But if you app was successful you would now have a another problem to deal with. SQL is a
special-purpose programming language designed for managing data held in a relational database management system (RDBMS)
So it’s already the right tool for the job no? I’m bias. I love SQL, I find it easy to read and it’s easy to port to a range of languages. An ORM has a place, and I would use it if you where paying my bills but I would always put up an argument against.
An application lacking abstraction between database rows and application level entities is one which is tightly coupled to the specific storage mechanism. Tight coupling at any level will result in a system more difficult to maintain and change over time. Not to mention repeating the same query logic over and over is not DRY.
$user = user::load(1);
Is much more concise and adaptable to changes in implementation than:
SELECT * from users;
scattered about everywhere.
Taking the example further a single entry find method that allows pagination, sorting, and filtering in the application language like so:
Is much more adaptable to change than scatterring a bunch of different variations of selecting against the blog table everywhere.
SELECT * FROM blogs WHERE title LIKE ‘%plane%’ LIMIT 10
I see it constantly from newcomers here who try to create a function to encapsulate some type of select logic. However, they always post code that is limited in its capacity for reuse requiring repetition of similar logic in another function and another function and another function. Where as if an ORM or AR was used there is typically a single method to filtering, sorting, etc that doesn’t require repeating similar code everywhere.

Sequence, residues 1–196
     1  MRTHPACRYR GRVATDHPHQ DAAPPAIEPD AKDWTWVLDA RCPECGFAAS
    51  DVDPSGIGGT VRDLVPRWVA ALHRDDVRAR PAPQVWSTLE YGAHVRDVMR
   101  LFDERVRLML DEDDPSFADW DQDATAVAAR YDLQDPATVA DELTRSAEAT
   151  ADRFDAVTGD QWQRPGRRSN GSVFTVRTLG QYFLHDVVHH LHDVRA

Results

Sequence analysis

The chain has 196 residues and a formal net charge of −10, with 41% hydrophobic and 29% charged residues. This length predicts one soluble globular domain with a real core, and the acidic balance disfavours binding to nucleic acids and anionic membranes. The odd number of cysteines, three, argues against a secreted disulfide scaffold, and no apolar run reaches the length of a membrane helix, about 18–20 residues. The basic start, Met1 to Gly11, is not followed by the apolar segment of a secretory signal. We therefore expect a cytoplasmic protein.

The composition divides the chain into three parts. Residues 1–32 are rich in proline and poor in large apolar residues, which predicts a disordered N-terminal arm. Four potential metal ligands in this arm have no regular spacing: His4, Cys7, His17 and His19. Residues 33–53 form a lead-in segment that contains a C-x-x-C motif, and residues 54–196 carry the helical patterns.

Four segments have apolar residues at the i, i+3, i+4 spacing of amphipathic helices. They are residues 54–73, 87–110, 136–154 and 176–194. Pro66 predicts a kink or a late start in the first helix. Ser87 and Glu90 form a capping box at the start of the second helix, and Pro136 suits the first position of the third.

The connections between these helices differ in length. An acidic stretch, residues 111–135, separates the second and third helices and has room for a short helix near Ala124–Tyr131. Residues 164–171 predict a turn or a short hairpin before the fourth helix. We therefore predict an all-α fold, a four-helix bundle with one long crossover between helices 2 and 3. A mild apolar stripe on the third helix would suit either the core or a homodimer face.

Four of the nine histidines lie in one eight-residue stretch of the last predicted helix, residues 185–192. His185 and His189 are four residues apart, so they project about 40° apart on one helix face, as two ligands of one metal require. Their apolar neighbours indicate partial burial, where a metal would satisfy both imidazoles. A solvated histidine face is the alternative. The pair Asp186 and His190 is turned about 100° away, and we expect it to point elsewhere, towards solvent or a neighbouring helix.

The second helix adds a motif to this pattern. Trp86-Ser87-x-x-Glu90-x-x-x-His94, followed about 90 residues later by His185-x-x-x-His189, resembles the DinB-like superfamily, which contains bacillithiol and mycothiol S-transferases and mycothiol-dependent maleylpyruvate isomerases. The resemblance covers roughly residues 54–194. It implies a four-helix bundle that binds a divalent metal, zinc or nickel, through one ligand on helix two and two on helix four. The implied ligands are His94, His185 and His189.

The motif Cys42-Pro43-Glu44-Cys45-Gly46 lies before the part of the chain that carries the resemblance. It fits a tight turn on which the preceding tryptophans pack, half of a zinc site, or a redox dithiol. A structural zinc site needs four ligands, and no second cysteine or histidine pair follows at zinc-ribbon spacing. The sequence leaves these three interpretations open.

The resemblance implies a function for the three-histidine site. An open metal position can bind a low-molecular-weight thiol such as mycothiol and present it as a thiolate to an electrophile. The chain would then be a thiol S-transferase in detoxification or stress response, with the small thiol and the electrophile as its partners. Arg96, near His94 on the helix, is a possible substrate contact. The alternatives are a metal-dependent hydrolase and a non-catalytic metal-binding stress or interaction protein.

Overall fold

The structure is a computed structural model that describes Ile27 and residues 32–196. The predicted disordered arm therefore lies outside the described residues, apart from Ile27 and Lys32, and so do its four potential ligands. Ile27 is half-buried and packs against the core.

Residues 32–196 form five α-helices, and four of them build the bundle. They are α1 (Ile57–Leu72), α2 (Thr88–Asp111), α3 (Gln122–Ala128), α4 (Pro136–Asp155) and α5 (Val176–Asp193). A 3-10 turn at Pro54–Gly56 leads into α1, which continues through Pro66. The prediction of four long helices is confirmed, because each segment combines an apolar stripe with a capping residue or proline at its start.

Furthermore, so long as the API is used the storage mechanism can typically be switched with ease. When SQL queries are hard-coded that isn’t possible without rewriting the entire application. The same can be said for adding caching layers. When the application is built in a way that it is loosley coupled to the persistent storage mechanism the domain level entities can be cached completely alleviating trips to the db in some cases.
When building an application there should ALWAYS be an abstraction between the rows in the db and application level entities. it doesn’t necessarily have to be a open source ORM or ActiveRecord but it should be something more than the same SQL queries scattered about every where. ORMs and ActiveRecord merely facilitate that process and open source providers facilitate it in a way that means you don’t have to write your own and built something completely custom that the next person inline will probably hate for having to maintain.
It’s funny and so coincidental, or maybe not, since I am working hard at learning, but I am reading a book called “Implementing Domain Driven Design” by Vaughn Vernon and in it he writes about an “Anemic Domain Model” which is actually a term coined by Martin Fowler.
Basically, as I see it, an anemic domain model is one that doesn’t actually model the domain. Often this happens, because developers try and think more in terms of the database normalization and relations and less in terms of their true domain model. They wrap the application (albeit internally) more around the persistence than around the goals of the application. An ORM helps the developer think more in terms of the domain model and the goals of the application and less in terms of database relations and normalization. I think that is what I was trying to say.
I might still be wrong though.
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